Despite its undeniable whiff of mysticism, divination, and the occult, courts have long accepted the concept of consciousness of guilt as probative of guilt. Fortunately, some courts, including our supreme court, have required that there at least be some concrete manifestation of this consciousness. One of those accepted manifestations is false exculpatory statements made by the defendant. People v. Milka, 211 Ill. 2d 150, 178, 810 N.E.2d 33, 49 (2004).
Viewed in the abstract, "consciousness of guilt" is itself a circular and therefore flawed logical construct. Its application requires the fact finder to assume the ultimate fact — that the defendant committed the murder — in order to conclude that a particular act or statement of the defendant was motivated by his knowledge that he had committed the murder and is, therefore, evidence of his guilt. The concept presumes guilt to prove guilt and also impermissibly shifts the burden to the defendant to disprove that it was his/her awareness of guilt that caused the doing of the act or the making of the statement. It has no place in a system of law that presumes the innocence of the defendant until actual conviction by the finder of fact. Beyond pointing out this weakness, I will forgo indulging in any discussion of significant but more amorphous concerns such as how someone who is not a close friend or associate of defendant could actually know or correctly interpret the meaning and messages of his or her body language and evasions.
What does require discussion in the instant case is that we know that this defendant engaged in sexual misconduct; we know he lied about it; and we know that he tried diligently for over two years to avoid being charged with it. How could the police or the prosecutors or the jurors (who could not observe it but only heard about it from others) possibly know that his denials of the sexual assault constituted a consciousness of guilt — if indeed he felt and/or communicated such an emotion or awareness — that was totally related to the sexual misconduct and totally unrelated to the child's death?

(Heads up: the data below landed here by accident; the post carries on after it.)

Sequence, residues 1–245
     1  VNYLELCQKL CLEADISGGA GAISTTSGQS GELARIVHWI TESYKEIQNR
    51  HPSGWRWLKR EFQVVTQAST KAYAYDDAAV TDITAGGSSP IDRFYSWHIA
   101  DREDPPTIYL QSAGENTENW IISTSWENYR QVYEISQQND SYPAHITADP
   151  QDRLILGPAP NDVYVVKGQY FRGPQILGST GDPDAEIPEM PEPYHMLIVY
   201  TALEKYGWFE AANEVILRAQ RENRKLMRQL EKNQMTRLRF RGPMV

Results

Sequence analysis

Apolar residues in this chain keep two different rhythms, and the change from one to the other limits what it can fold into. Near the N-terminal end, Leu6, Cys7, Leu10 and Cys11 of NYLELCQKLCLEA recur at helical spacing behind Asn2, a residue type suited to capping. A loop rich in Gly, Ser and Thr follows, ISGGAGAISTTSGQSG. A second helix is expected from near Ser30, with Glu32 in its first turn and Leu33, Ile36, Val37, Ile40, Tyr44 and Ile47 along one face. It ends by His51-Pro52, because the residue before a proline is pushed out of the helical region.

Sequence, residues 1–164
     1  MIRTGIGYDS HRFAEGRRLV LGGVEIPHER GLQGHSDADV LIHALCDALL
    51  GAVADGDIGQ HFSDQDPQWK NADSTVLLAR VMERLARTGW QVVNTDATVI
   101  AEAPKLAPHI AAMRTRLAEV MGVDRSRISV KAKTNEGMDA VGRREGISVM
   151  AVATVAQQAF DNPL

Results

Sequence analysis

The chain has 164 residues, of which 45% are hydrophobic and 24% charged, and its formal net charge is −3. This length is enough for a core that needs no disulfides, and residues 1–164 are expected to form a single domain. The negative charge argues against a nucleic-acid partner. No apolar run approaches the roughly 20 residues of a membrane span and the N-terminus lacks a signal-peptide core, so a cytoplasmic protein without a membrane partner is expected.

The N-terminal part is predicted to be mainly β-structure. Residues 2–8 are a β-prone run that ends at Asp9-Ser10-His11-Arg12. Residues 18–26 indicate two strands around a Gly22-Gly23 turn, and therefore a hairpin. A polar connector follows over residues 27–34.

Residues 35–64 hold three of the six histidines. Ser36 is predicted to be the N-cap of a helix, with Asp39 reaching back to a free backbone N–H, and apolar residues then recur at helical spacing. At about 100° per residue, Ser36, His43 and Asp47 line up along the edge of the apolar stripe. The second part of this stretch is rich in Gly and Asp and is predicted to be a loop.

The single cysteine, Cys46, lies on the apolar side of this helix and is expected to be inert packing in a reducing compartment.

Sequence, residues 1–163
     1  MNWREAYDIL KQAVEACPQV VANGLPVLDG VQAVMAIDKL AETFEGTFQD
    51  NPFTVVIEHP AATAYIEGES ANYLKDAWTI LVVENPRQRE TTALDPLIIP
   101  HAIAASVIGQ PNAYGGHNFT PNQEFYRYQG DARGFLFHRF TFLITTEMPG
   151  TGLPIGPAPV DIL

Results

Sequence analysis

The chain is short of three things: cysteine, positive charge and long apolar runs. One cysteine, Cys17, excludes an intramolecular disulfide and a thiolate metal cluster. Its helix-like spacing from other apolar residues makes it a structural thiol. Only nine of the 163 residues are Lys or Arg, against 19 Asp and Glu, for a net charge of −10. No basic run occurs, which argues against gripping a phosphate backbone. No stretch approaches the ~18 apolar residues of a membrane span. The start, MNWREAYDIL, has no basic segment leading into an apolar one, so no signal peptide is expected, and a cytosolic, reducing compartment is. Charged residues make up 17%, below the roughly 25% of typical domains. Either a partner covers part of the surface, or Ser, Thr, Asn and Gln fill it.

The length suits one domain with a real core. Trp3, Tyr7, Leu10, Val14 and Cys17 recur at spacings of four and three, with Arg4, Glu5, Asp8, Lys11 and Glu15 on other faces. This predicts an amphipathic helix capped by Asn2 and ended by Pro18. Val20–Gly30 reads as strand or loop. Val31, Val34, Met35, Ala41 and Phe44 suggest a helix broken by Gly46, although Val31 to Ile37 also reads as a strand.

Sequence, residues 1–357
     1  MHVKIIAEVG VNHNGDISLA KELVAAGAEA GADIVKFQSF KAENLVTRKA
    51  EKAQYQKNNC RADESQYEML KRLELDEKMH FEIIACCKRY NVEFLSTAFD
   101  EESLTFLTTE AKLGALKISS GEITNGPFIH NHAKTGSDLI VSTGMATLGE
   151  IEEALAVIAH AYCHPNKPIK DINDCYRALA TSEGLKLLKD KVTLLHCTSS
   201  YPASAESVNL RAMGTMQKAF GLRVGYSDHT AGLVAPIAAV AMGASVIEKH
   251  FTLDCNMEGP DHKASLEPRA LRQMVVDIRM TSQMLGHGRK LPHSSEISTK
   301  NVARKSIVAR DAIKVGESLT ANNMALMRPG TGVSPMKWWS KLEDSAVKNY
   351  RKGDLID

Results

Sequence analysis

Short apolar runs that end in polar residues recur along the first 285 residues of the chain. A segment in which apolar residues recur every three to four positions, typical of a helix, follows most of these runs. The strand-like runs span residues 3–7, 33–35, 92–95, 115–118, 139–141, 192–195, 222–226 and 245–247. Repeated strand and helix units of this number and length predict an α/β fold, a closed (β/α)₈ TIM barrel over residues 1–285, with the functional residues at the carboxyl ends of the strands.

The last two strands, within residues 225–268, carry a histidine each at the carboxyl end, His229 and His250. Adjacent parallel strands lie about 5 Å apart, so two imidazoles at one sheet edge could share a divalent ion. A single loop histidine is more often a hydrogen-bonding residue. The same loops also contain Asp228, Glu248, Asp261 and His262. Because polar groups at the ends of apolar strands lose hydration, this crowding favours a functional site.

More importantly, how can we as an objective reviewing court find that this "consciousness of guilt" coupled with guilt of sexual assault, but also with a complete absence of any direct, forensic, or tenable circumstantial evidence proving any element (let alone all of them) of the charged crimes somehow creates an inference strong enough, inevitable enough, compelling enough, to say that it supports defendant's conviction for first degree murder, arson, and concealment of a homicide beyond a reasonable doubt?
I am well aware that the public and the media frequently say that a case was reversed "on a technicality." And I can well imagine the ridicule — even in our courts — that attends discussions of logical constructs, flawed logic and circular arguments. But the technicalities are constitutional guarantees, supreme court rules and legislative directives designed to ensure, as much as possible, that the person who is convicted of a crime is, in fact, the person who committed it. And the mental evaluations are necessary to tease out flaws in the bases on which we deprive people of their liberty and their lives. These are not intellectual exercises undertaken in a vacuum. There are people attached to them.